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Aviticity (Latin aviticitas, ius aviticum, ung. Ősiség) is a historical legal term for the inalienability of aristocratic property in the Kingdom of Hungary .

In 1351, as King of Hungary , Lajos the Great passed a law declaring that all true nobles living in the country and all those living in the country's duchies enjoy the same freedom.

He also repealed the free inheritance law recorded in the Golden Bull of 1222 . With this he hoped to achieve that the aristocratic estates would only pass to the closest family members or relatives of the clan . This reflects the principle that the property did not belong to a single member of the clan, but to the entire clan. But what was much more important than that: that this should prevent the dismemberment of the estates and that the number of nobles who no longer had any land increased. If someone died without an heir, his property would fall to the king ("fiscalitas"). The law mentioned that the noble property could neither be auctioned nor sold. Over time it turns out that this ban prevented the nobles from taking out loans, the properties could not be leased to non-nobles, leaving their owners with no money to invest. This law was therefore repealed in the 19th century (1848).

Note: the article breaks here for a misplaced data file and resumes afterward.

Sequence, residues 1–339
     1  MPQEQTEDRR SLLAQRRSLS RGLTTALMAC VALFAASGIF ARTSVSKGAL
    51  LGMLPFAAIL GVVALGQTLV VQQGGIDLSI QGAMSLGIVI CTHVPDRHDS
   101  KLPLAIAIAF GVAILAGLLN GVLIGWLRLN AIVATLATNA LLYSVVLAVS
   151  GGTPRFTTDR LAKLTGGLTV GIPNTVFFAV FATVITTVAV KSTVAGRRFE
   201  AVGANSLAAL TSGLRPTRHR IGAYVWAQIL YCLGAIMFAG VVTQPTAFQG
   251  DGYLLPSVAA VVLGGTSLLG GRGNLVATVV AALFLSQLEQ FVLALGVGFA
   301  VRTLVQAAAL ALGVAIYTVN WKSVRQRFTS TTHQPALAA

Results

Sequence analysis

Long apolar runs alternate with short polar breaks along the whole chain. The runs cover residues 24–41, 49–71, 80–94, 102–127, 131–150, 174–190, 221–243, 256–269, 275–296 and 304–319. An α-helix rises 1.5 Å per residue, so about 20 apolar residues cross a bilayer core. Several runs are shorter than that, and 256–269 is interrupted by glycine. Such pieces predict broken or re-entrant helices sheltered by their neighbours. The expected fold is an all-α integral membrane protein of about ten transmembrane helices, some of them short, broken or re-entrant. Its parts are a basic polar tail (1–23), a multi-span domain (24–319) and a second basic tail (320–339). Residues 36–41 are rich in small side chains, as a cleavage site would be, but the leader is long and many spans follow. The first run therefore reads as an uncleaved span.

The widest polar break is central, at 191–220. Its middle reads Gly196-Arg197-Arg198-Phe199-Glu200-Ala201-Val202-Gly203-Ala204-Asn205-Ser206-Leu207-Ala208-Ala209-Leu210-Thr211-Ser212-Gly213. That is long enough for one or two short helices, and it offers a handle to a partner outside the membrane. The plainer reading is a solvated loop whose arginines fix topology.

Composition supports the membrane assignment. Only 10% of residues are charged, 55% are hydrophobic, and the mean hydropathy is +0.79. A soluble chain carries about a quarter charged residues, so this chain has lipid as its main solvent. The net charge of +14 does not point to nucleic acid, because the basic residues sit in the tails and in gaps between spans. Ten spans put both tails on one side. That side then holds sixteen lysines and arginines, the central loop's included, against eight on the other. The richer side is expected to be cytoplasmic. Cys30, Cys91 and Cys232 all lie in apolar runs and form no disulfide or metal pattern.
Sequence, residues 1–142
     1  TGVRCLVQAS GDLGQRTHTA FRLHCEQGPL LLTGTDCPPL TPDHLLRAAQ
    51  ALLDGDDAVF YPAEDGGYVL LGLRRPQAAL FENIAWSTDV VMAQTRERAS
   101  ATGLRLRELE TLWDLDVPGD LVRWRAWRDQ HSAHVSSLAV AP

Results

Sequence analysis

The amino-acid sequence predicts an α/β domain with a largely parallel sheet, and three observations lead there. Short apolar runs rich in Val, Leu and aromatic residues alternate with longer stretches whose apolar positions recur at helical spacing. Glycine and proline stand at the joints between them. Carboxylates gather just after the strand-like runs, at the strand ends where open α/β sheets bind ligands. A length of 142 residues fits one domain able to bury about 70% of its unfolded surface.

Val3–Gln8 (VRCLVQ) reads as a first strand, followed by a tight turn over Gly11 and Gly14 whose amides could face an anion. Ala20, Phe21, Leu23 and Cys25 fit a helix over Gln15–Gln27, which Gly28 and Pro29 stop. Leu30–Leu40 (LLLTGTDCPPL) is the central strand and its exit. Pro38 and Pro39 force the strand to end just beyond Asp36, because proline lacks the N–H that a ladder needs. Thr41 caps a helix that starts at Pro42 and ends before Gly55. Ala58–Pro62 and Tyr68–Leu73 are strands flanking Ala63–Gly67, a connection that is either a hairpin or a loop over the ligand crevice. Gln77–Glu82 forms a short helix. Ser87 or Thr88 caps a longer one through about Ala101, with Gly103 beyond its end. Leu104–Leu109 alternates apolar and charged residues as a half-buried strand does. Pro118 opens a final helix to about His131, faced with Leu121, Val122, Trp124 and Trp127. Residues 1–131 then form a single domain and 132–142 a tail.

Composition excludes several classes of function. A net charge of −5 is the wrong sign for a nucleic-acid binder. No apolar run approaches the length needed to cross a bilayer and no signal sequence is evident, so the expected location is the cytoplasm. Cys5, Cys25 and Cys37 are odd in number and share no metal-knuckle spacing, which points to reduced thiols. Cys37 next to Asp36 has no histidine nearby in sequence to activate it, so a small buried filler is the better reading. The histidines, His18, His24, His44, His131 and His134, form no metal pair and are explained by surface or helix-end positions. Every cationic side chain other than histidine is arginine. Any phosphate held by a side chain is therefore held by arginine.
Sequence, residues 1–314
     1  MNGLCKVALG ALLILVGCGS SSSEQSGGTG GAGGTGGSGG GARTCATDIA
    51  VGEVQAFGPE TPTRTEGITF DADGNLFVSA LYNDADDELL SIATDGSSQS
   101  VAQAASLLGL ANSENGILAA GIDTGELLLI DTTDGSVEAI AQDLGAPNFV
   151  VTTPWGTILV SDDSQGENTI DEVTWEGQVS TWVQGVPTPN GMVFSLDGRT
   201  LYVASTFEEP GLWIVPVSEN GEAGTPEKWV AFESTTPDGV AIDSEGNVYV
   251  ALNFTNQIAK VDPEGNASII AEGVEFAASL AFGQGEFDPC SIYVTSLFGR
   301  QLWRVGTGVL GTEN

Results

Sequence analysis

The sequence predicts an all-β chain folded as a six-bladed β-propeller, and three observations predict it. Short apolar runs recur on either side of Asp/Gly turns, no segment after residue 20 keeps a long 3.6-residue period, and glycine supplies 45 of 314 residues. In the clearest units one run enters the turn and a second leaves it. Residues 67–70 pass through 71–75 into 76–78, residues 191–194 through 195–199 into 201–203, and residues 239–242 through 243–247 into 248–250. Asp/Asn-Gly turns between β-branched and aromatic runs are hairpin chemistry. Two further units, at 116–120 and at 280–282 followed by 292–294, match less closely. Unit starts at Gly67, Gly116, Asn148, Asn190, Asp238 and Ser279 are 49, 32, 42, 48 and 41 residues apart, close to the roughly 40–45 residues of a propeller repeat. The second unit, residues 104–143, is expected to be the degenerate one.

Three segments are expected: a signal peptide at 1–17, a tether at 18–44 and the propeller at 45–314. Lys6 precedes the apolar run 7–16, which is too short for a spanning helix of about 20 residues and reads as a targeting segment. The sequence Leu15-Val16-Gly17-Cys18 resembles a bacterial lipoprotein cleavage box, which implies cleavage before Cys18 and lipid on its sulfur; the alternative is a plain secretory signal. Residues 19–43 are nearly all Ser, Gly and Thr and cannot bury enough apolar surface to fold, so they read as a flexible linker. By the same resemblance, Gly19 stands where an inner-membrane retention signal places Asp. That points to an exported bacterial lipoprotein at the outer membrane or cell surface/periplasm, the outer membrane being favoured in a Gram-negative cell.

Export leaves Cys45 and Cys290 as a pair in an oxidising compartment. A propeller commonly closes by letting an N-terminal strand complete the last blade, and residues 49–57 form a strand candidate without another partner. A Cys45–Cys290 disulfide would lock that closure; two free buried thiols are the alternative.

All fron farmers had to pay one ninth (as a tenth ) to the landlord: every year they were obliged to pay taxes (census) as well as deliveries in kind and cattle. An additional tithe was payable to the church and a state tax was paid to the king.


  • Mária Homoki-Nagy: Notes on the Development of Hungarian Private Law in the 19th Century , in: Buying under Roman Law. Ancient legacy in the European sales law , ed. by Eva Jakab and Wolfgang Ernst, Berlin – Heidelberg: Springer 2008, pp. 105–121. Chapter at SpringerLink PDF, 192 kB.

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